“I haven’t done this for a while,” says Jamie T as he frees his microphone from its stand and steps to the front of the stage. “I feel like I might have a heart attack. That’ll be one for you to remember, you can tell all your friends ‘I was there’.” Then, that first familiar note of ‘Sheila’ kicks in and the reaction is enough to sooth even the most brutal of anxiety attacks, teens quickly forming a heaving moshpit as they scream back every word, including the song’s samples.
It’s not even eight o’clock when Jamie and his band walk on stage at Kingston Hippodrome for a special all ages show before playing the New Slang club night later this evening. The sun might still be shining bright outside, but inside it’s down the business of getting very, very sweaty. Tonight is the first night that he’s played songs from new album ‘Trick‘ and his first live show since Reading 2015. As such, this is an intimate first chance to hear how those new tracks, so brilliant on record, stand up live and a gentle practice run for the group ahead of next month’s UK tour.
The set opens with ‘Tinfoil Boy’, the bruising opener of Jamie’s fourth record. It’s heavier and harder here, but also more playful, with the musician adding dramatic pauses that serve to make the already swirling crush in front of him go even madder. ‘Power Over Men’ is slightly calmer, something to dance to rather than thrash, but is still greeted with equally as much excitement.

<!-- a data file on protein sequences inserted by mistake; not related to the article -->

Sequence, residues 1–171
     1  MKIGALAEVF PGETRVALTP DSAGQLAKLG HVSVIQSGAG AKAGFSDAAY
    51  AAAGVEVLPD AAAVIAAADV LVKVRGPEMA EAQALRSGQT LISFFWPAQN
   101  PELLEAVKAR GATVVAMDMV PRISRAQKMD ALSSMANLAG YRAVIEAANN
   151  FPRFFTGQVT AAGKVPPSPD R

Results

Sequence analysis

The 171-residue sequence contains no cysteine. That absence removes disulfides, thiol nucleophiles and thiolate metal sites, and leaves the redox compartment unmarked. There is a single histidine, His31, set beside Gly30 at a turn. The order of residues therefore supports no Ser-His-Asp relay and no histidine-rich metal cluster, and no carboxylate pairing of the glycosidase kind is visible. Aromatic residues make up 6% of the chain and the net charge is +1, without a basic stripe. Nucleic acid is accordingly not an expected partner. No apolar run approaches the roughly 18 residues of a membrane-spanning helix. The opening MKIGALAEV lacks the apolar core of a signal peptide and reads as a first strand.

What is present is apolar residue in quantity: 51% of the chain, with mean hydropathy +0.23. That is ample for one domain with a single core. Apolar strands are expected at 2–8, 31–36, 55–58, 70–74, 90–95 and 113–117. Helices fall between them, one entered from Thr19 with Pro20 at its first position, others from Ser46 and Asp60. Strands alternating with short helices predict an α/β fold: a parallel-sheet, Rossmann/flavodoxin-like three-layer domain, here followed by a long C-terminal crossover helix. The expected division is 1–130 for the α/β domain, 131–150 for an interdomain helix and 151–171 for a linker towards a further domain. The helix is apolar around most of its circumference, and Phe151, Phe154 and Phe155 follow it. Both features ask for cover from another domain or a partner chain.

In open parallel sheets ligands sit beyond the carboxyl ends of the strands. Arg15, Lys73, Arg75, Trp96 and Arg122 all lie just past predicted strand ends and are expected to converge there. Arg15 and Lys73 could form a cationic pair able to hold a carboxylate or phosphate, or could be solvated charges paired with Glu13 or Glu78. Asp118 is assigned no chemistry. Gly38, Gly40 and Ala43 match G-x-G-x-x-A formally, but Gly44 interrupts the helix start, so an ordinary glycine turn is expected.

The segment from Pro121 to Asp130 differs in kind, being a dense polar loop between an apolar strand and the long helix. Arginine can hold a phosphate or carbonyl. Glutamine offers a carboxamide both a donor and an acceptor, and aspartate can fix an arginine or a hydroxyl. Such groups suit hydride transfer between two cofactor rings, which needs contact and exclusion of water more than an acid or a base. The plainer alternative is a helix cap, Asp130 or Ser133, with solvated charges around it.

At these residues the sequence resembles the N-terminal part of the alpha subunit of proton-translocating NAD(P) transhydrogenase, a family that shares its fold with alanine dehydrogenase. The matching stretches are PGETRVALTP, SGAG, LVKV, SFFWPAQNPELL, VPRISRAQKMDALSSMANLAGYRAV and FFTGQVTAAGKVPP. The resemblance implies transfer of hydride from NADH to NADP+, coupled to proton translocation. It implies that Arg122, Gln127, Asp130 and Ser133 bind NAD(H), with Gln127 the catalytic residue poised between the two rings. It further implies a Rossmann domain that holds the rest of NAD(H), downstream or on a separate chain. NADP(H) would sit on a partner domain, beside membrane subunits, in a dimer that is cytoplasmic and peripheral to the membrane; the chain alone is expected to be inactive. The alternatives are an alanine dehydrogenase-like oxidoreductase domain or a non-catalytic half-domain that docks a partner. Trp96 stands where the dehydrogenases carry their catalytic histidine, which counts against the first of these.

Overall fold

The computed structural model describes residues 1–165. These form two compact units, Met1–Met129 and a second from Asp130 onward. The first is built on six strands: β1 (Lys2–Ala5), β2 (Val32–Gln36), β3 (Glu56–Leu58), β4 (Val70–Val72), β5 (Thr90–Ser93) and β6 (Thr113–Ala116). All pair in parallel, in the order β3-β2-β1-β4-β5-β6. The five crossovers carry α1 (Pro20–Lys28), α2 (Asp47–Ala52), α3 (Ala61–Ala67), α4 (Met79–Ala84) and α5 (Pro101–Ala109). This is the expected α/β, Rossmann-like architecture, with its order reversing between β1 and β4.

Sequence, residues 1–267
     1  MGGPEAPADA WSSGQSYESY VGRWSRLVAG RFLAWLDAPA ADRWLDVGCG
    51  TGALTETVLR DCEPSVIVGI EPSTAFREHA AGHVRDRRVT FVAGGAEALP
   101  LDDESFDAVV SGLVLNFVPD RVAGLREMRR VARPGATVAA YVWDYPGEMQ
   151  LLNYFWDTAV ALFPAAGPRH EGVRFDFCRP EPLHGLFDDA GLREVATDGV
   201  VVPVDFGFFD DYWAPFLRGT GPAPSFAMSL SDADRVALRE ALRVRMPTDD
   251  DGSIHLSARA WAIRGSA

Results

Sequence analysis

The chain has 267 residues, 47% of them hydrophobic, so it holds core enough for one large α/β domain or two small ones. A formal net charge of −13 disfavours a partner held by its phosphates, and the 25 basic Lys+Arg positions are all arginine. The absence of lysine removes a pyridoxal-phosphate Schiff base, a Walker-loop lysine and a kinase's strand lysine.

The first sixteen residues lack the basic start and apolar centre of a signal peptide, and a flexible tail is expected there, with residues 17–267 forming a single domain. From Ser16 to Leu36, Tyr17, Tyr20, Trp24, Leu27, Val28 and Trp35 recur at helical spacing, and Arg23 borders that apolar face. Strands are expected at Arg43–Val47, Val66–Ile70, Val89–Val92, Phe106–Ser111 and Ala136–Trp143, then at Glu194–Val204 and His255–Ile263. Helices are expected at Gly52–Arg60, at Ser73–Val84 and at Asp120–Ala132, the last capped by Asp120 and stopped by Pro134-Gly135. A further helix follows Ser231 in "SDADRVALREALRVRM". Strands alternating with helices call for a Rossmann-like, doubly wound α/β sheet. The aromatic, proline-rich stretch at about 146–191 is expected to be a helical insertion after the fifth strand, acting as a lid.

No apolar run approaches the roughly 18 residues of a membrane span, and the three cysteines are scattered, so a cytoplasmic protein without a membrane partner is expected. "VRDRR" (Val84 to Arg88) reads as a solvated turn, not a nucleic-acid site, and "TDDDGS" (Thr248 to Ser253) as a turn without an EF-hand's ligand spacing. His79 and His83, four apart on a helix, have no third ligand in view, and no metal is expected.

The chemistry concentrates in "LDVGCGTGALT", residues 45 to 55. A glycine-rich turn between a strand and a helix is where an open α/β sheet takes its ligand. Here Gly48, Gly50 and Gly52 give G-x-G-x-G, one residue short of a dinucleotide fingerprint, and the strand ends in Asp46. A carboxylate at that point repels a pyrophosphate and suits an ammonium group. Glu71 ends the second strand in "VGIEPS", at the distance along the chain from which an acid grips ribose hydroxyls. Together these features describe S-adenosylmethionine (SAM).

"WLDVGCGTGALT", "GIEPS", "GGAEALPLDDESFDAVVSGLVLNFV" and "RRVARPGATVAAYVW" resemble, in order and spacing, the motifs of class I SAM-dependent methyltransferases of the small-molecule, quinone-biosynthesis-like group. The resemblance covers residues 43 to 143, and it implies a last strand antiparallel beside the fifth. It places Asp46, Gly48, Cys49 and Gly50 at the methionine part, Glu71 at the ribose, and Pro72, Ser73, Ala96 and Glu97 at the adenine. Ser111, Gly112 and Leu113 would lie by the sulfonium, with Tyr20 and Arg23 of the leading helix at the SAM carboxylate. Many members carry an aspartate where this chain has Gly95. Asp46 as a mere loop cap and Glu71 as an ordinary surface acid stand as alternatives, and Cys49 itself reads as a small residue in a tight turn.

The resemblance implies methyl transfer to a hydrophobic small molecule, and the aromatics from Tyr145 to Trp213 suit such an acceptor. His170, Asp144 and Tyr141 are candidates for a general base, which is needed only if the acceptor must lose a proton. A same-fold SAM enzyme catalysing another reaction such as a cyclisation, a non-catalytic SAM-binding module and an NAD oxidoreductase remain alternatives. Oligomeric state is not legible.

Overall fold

Midway through the set, the rest of the band step off stage and leave Jamie alone with his guitar. As he begins playing ‘Sign Of The Times’, one of ‘Trick”s tenderest, most heart-wrenching moments, two girls climb onto their friends’ shoulders, waving their arms in the air in time to the song. By the time the chorus hits, its full on chills – the cluster of fans at the front singing the lines “But I wish I’d been a little more exceptional/And I wish I’d been a little unconventional” so intently is a powerful, beautiful moment.
Elsewhere, there’s a ton of crowdpleasers – the aforementioned ‘Sheila’, fellow ‘Panic Prevention‘ cut ‘Operation’ and ‘Sticks And Stones’, the cider-glugging anthem that references Hampton Wick, one stop along from Kingston. It’s closer ‘Zombie’ that really seals the night in chaotic form, though. Its languid opening lines have fans spreading out and pushing back, preparing to run at each other when it jolts into life. It’s three minutes of pure carnage; a mess of lost shoes abandoned on the sticky floor, flailing bodies and infectious grins. “I fucking love you,” Jamie says just before everything kicks off. The feeling’s clearly mutual.